For the Patcha rugs Patricia Urquiola explores the concept of “gesture” in all ways, not only aesthetically. She asks the question “why not talk about upcycling as a gesture?” As in her Fordite rugs presented in 2019, she has pushed for a change in mentality, of moving common habits and creative energy in the direction of sustainability. Patricia Urquiola gives new life to Himalayan wool as she reuses it in the design of Patcha, creating the speckled graphic texture present in the rugs.
The rugs were born from the idea of overlapping, the hand-crafted idea of putting together different patches in a playful collage. Patricia Urquiola skillfully created compositions with discarded paper and cardboard, playing on the idea spontaneity. The result is a combination of woolen fragments that resemble jagged papers and colorful cardboard, assembled in an extemporized collage. A special dyeing technique was used to create the random colors on the wool, emphasizing the concept of experimentation. The graphic lines of the rugs are made out of recycled silk, obtained from Indian Sari vests. The borders of the rugs are irregular, giving the impression of a design that is always in-progress.
The Stroke collection was really about transforming a singular gesture into a rug. A simple brush stroke which highlights the extraordinary craftsmanship of hand-knotted rugs. The varied pile height and subtle color differences accentuate the 3 dimensionality of the collection.
Exploring “gesture”, Marcelis considered the expressive potential of everyday life. “The house is like a canvas and we are constantly creating drawings and marks and traces with our daily gestures. Strokes, wipes, brushes, streaks; surfaces become a temporary canvas. The rugs I have designed for cc-tapis capture two of those gestures in a permanent state,” she says of her creative process, which also took cues from Lichtenstein’s pop-art brushstroke paintings and the colorful fields of Pablo Tomek’s spontaneous movements, harnessing the totality of the gesture within each design.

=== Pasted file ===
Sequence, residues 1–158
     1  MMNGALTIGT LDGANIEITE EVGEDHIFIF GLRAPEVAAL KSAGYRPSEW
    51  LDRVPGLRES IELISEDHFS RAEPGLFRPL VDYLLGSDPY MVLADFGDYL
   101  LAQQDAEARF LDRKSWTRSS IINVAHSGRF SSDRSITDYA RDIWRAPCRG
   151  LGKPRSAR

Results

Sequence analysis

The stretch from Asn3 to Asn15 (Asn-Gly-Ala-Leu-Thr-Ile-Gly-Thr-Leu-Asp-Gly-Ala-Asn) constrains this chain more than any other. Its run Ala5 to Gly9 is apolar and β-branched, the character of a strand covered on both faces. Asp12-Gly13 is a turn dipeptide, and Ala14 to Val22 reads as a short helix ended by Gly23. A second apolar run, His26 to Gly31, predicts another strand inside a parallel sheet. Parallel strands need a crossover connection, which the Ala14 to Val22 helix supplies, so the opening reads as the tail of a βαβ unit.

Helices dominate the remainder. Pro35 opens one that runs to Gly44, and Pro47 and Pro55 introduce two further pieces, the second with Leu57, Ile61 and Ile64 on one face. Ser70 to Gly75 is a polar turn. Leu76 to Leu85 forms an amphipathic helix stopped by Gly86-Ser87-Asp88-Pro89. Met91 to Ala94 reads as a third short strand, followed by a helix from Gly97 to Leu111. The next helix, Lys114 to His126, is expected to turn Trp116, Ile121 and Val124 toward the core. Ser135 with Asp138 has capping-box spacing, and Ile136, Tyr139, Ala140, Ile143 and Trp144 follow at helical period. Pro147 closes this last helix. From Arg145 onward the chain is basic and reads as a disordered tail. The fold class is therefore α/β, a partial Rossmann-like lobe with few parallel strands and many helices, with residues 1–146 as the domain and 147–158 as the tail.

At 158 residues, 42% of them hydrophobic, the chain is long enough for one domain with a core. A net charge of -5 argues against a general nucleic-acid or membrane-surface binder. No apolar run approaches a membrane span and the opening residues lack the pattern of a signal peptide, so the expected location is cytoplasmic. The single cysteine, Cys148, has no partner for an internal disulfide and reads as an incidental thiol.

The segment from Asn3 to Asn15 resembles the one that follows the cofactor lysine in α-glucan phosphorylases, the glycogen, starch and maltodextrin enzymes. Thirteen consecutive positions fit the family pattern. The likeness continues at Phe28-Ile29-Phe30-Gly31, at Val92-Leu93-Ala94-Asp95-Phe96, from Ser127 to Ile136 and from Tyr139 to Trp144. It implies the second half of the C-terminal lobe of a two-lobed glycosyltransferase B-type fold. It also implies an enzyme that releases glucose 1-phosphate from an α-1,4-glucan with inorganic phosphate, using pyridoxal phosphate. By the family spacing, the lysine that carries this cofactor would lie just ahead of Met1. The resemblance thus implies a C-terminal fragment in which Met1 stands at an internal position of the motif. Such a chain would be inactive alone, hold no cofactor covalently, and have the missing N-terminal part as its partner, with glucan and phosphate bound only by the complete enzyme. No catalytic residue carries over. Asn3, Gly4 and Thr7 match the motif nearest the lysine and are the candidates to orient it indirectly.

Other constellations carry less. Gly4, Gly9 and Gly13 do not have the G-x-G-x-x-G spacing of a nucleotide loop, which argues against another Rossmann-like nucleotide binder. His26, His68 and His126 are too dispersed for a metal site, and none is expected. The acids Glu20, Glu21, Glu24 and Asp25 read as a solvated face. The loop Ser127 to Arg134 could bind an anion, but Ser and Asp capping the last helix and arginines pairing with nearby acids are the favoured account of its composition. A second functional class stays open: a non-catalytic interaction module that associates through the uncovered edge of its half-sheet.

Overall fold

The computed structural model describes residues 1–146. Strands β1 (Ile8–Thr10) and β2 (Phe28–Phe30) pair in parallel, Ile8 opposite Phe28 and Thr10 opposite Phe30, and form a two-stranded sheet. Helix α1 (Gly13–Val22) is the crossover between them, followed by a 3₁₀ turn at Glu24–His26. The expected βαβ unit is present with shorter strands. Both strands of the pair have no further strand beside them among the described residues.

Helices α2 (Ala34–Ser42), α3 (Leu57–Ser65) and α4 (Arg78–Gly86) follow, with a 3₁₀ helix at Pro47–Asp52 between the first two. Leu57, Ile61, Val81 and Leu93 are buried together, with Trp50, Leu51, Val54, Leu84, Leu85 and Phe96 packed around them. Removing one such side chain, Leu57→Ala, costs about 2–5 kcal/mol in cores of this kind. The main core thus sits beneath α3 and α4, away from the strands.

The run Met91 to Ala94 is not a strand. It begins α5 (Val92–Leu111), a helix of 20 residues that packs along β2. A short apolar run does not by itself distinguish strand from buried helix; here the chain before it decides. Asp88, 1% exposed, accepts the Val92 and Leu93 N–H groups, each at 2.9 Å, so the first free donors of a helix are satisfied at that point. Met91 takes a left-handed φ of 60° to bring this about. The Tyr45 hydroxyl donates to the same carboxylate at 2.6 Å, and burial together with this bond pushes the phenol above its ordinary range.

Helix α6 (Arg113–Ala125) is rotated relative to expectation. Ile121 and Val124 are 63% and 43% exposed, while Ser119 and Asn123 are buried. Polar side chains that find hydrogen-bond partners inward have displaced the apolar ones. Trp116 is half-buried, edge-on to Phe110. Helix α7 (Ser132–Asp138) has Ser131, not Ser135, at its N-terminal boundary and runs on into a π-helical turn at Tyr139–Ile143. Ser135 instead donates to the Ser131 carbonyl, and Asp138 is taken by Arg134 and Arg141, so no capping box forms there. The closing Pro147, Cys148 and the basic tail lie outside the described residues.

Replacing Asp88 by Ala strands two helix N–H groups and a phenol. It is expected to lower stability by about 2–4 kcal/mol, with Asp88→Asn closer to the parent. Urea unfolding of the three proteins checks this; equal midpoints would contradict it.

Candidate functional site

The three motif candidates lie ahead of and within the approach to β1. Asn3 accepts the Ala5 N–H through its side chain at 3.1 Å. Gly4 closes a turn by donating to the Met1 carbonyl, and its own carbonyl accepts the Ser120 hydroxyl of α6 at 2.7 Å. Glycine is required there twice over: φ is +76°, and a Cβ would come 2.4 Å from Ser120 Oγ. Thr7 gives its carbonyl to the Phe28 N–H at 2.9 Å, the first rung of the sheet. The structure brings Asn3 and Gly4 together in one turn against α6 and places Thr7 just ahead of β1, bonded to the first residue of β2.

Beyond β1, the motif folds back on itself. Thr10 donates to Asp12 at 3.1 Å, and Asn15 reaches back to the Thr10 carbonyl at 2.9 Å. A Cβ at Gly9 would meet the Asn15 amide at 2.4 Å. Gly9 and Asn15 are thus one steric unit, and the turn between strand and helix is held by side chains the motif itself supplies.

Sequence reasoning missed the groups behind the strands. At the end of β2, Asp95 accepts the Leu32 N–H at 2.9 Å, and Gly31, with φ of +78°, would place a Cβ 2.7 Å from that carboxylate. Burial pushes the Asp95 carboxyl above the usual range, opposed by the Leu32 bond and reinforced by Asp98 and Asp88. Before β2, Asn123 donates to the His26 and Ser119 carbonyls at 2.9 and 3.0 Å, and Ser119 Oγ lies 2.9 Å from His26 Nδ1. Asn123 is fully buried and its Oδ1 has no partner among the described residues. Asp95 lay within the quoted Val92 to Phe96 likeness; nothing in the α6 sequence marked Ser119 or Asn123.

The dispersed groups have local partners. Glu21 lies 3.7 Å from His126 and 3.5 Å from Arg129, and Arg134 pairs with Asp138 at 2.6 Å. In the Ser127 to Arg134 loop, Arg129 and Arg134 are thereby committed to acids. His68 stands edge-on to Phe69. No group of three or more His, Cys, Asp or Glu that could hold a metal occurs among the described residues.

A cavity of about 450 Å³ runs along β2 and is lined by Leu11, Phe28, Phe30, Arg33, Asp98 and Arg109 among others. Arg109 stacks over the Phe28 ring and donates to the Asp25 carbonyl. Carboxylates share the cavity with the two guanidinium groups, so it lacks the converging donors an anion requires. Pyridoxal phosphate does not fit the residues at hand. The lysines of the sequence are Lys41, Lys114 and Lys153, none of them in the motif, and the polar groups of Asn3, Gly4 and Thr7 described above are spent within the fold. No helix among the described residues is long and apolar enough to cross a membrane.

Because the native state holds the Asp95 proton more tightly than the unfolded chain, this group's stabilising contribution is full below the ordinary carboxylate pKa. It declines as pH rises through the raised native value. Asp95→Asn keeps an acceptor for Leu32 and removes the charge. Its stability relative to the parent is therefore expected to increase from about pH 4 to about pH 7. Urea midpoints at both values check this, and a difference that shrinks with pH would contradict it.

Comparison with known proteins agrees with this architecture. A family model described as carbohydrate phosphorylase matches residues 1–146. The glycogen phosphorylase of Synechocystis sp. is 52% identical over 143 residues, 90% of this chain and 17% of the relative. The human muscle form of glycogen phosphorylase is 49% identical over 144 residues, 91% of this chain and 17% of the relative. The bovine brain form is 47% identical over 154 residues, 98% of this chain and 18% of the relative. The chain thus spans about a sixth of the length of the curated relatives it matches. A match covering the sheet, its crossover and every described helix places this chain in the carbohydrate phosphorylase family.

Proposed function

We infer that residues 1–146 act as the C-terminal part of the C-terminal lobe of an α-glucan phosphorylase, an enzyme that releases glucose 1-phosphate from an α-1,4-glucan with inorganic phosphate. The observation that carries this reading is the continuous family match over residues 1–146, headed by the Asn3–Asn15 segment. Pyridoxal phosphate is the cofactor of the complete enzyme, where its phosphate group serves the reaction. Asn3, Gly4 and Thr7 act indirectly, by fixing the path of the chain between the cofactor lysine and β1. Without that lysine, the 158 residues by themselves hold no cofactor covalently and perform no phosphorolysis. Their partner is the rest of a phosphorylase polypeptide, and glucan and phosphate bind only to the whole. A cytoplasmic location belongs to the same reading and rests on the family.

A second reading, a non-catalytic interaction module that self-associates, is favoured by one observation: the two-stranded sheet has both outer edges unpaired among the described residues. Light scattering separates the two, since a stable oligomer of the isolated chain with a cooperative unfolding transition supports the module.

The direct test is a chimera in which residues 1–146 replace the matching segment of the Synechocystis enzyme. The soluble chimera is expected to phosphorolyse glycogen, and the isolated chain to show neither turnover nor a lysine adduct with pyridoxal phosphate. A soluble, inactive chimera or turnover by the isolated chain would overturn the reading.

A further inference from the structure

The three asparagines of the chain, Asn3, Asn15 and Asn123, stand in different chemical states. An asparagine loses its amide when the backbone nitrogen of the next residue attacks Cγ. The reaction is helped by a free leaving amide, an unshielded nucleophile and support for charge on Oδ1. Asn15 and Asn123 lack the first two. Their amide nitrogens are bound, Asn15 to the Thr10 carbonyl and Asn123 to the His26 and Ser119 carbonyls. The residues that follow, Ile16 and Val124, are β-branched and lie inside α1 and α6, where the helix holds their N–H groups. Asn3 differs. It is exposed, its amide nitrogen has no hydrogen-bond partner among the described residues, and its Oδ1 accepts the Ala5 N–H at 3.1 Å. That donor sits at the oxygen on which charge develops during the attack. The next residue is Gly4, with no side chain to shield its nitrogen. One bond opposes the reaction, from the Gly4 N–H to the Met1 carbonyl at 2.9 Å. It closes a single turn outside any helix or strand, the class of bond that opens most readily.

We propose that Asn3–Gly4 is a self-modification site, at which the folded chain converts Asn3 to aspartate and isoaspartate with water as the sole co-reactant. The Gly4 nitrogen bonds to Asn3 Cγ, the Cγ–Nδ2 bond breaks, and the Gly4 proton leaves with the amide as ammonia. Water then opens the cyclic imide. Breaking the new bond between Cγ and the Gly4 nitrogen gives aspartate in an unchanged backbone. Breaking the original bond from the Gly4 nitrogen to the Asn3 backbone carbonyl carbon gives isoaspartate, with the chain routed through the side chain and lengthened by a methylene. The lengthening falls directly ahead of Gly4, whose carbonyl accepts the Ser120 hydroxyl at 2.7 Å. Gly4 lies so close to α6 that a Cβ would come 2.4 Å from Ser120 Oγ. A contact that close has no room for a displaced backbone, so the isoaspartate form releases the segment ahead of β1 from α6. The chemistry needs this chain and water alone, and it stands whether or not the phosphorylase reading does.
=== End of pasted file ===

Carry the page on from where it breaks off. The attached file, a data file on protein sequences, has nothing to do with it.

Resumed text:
Lines began through experimenting and sketching with wax crayons. Philippe Malouin instinctively traced parallel lines and focused on the irregularity created by the crayons. “I thought it might be interesting to try and replicate this irregularity in a rug.” The design evolved through trial and error with the final aesthetic being very much part of an experimental process. Working closely with art-director Daniele Lora, special Tibetan craftsmanship was combined with a clever “dip-dying” technique for coloring the Himalayan wool. The combination of which achieved the same imprecise feeling of the original drawings, irregular lines with soft and uneven tones. This irregularity is accentuated during production when one weaver takes over from another. Each weaver uses a different ball of yarn which results in a “glitch” in the design which starts to take a stylistic shape of its own, giving the same impression of when drawing with wax crayons. A particular feature which makes each rug completely unique from each another. The perfect mixture of vision, design and craftsmanship, Lines is a minimal yet essential collection of rugs with a very simple off-white and monochromatic color palette.
“Cutting becomes a process of creation instead of destruction,” explains textile designer Yuri Himuro of the inspiration behind her collection, Cultivate. Based on her innovative textile project Snip Snap — a jacquard pattern whose design only becomes apparent when the woven threads are snipped, revealing a double structure within the textile — Himuro explores the creative potential found in the act of cutting.
To create the rugs, cc-tapis translated Himuro’s novel jacquard weaving technique into an Indian flatweave. The nature of the design renders the rug infinitely customizable, allowing each owner to embrace the gesture of cutting, revealing colorful flatweave beneath the first layer of woolen threads. “The texture of each rug must be individually cultivated,” Himuro describes of her intention. The opportunity to personalize each rug, she believes, will bring joy to people and create a sense of emotional attachment towards their belongings.
Mae Engelgeer’s Mindscape collection investigates gesture in the digital realm, exploring spatial and architectural gestures. Engelgeer creates patterns from complex compositions, mirroring, splicing and replicating to achieve her otherworldly designs, taking the viewer on a journey to another space.
The Mindscape rugs imagine a tranquil space, an escape, a spiritual discovery and a staircase into another universe. The collection reveals a scene of an extraordinary combination of colors, a refined use of materials like wool, silk and linen. Different techniques are used to create depth and space to reveal a calm and synergetic dreamscape.